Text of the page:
Cost-effective renewable hydrogen through materials, modelling and process innovation (H2Xport Project)


This project aims to develop a generic, scalable and systematic process to evaluate the operational viability of decentralised and/or regional-scale renewable energy (RE) hybrid systems to generate (green) hydrogen (H2) for export. The project strategy is to build a benchmarking capacity using existing, readily available RE components to provide validated data for enterprise-scale economic modelling of performance as well as to provide a platform to test, at small pilot scale, the performance of new technologies developed through this project. The project will develop technologies in hydrogen production via electrolysis, in energy storage and in gas sensing. These technologies, when developed, will be integrated with the test-platform to benchmark against existing commercial standards.  

The primary focus of attention since commencement has been the design, construction, procurement, tendering and delivery of a ~50kW hybrid RE pilot plant that has integral energy storage, hydrogen production and hydrogen use via an appropriate micro-grid/control system. The intent has been to use predominantly off-the-shelf equipment to enable benchmarking of component and system performance with this pilot plant. Modelling and design have been key elements of desktop work, not only for the proposed pilot plant but also to translate attributes and lessons from pilot plant discussions to a broader generic integration of components into viable system solutions.  

Laboratory work has focused on improved understanding of battery components and battery performance (predominantly lithium-based batteries) and development of novel electrodes for improved alkaline electrolysis performance. Lithium-based battery cathode activities have used our benchmark lithium-iron-phosphate materials to assess optimum compositions (and source materials) for nickel-manganese-cobalt formats with good success. Other key compositions for potassium-based battery formats have also been defined and corrected in the literature. In addition, gap analysis and bench-scale work has focused on identifying optimal performance of sensors for low-temperature sensing of hydrogen gas in the presence of other gaseous components. This analysis has led to new experimental approaches to synthesise hybrid 2D materials to improve sensitivity and selectivity.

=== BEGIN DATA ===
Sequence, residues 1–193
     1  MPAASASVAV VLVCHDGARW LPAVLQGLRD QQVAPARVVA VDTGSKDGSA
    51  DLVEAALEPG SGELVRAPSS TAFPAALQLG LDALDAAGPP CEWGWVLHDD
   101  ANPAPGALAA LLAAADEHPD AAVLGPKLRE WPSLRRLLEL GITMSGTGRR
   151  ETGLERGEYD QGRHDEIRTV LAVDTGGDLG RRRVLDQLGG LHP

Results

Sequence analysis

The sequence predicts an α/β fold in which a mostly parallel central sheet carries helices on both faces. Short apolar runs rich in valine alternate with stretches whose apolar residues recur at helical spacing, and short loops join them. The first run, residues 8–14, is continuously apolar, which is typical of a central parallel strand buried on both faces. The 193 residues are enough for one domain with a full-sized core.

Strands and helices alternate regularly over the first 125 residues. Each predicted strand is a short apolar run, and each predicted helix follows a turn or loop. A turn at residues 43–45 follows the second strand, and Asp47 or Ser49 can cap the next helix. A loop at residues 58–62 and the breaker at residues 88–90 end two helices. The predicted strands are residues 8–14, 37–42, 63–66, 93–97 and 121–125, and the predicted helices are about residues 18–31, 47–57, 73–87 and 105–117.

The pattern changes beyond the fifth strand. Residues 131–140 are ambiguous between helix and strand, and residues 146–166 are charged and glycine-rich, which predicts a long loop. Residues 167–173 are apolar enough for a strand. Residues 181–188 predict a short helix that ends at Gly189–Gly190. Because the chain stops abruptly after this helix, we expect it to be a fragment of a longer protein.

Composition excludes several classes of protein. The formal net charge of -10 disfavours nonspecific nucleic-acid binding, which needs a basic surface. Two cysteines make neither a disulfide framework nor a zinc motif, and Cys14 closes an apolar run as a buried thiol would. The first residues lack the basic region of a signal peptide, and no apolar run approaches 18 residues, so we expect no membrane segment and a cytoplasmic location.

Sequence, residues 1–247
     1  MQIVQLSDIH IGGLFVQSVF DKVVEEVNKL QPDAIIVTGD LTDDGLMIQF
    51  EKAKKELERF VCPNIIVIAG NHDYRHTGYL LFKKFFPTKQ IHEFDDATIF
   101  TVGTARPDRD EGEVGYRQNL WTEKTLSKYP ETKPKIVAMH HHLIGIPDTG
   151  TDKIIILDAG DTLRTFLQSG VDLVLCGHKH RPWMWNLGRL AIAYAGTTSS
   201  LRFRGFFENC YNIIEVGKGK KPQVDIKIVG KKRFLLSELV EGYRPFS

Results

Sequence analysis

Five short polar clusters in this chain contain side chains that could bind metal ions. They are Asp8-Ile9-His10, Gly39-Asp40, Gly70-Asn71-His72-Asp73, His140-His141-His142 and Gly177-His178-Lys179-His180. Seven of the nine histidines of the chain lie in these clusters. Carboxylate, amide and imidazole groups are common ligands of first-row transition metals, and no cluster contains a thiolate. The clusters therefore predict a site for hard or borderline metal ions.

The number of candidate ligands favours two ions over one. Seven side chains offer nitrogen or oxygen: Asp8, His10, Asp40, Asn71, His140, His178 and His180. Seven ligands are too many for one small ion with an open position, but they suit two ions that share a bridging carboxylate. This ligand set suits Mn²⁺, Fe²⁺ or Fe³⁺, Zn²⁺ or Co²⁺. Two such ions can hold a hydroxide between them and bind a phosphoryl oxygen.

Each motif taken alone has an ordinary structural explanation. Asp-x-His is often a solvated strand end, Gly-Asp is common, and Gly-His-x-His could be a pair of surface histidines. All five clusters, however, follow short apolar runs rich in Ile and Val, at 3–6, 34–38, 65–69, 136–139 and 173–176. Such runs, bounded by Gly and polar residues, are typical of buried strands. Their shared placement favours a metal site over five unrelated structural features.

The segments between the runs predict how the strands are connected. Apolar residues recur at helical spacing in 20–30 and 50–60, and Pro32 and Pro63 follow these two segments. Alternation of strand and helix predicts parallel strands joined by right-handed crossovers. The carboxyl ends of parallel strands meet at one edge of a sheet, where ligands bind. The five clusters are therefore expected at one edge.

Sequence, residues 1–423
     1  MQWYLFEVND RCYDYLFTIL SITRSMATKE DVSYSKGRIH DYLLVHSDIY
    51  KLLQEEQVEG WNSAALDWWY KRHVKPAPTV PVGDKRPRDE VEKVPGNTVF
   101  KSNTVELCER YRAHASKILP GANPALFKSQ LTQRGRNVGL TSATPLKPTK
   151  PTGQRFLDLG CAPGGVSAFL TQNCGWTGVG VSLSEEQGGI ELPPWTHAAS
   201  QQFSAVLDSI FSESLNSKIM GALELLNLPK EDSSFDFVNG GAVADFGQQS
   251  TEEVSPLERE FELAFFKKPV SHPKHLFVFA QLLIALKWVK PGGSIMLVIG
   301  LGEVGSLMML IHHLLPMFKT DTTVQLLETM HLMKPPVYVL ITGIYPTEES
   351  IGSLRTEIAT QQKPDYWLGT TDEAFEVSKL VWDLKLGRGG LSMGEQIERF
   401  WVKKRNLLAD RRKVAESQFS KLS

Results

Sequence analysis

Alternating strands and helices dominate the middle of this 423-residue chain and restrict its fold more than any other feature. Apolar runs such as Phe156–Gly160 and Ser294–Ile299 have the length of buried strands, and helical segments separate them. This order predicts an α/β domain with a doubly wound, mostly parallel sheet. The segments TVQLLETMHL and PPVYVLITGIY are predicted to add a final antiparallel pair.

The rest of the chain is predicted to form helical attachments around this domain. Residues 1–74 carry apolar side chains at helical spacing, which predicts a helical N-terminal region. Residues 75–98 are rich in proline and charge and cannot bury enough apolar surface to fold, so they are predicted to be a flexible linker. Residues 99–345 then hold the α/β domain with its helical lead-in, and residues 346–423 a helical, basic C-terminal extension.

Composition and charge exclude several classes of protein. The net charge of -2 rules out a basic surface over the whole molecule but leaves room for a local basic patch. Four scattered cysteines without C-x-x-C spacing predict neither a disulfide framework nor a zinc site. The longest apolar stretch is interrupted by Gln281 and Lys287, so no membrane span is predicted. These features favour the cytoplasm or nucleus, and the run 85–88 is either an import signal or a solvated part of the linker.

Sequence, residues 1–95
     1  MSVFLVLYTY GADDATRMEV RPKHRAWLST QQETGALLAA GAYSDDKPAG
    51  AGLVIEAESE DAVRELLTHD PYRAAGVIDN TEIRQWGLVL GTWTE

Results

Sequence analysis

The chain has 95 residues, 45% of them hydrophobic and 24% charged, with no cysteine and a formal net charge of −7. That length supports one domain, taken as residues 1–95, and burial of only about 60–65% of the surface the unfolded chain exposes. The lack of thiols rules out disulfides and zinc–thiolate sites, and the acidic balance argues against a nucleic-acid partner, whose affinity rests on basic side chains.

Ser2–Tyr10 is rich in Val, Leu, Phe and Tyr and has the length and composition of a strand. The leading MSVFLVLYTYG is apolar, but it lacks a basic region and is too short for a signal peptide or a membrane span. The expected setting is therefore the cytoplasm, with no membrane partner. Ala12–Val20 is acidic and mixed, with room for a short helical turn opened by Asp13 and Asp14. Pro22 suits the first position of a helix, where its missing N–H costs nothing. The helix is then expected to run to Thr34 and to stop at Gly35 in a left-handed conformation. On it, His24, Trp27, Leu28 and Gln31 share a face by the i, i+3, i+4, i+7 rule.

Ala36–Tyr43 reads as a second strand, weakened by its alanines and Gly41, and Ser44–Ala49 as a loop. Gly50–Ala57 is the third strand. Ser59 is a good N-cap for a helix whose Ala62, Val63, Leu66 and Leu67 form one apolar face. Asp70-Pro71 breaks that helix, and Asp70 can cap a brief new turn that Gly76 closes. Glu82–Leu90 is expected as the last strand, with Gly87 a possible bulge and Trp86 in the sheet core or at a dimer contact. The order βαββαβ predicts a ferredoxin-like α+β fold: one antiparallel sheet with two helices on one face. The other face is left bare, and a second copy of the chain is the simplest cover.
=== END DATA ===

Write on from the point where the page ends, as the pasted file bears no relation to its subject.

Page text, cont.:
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Funding / Grants

  • Australian Renewable Energy Agency (ARENA), Sumitomo Electric Industries, Energy Developments Ltd., CS Energy, Universities and Other In-Kind; Total: $9.2 million. (2018 - 2022)

Other Team Members

Griffith University: E McH Gray, J Webb  Swinburne University of Technology: M. Shafiei  University of Tokyo: M. Sugiyama